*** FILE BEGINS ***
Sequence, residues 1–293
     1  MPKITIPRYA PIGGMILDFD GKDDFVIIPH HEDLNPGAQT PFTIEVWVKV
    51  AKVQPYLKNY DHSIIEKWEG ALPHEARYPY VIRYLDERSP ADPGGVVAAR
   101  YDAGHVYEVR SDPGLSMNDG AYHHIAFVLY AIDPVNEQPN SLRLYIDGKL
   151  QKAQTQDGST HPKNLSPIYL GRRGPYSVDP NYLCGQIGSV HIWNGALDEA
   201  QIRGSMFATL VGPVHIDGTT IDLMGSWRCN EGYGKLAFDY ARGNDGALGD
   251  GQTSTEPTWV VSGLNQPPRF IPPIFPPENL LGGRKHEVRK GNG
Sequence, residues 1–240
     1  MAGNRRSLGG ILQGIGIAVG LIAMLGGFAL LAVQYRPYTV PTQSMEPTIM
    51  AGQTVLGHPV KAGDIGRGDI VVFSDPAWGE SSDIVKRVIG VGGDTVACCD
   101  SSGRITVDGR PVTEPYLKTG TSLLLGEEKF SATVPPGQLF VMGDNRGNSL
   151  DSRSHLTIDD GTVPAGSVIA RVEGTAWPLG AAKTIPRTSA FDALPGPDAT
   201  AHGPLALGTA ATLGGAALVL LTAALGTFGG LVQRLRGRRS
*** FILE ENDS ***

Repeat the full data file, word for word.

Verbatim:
Sequence, residues 1–293
     1  MPKITIPRYA PIGGMILDFD GKDDFVIIPH HEDLNPGAQT PFTIEVWVKV
    51  AKVQPYLKNY DHSIIEKWEG ALPHEARYPY VIRYLDERSP ADPGGVVAAR
   101  YDAGHVYEVR SDPGLSMNDG AYHHIAFVLY AIDPVNEQPN SLRLYIDGKL
   151  QKAQTQDGST HPKNLSPIYL GRRGPYSVDP NYLCGQIGSV HIWNGALDEA
   201  QIRGSMFATL VGPVHIDGTT IDLMGSWRCN EGYGKLAFDY ARGNDGALGD
   251  GQTSTEPTWV VSGLNQPPRF IPPIFPPENL LGGRKHEVRK GNG
Sequence, residues 1–240
     1  MAGNRRSLGG ILQGIGIAVG LIAMLGGFAL LAVQYRPYTV PTQSMEPTIM
    51  AGQTVLGHPV KAGDIGRGDI VVFSDPAWGE SSDIVKRVIG VGGDTVACCD
   101  SSGRITVDGR PVTEPYLKTG TSLLLGEEKF SATVPPGQLF VMGDNRGNSL
   151  DSRSHLTIDD GTVPAGSVIA RVEGTAWPLG AAKTIPRTSA FDALPGPDAT
   201  AHGPLALGTA ATLGGAALVL LTAALGTFGG LVQRLRGRRS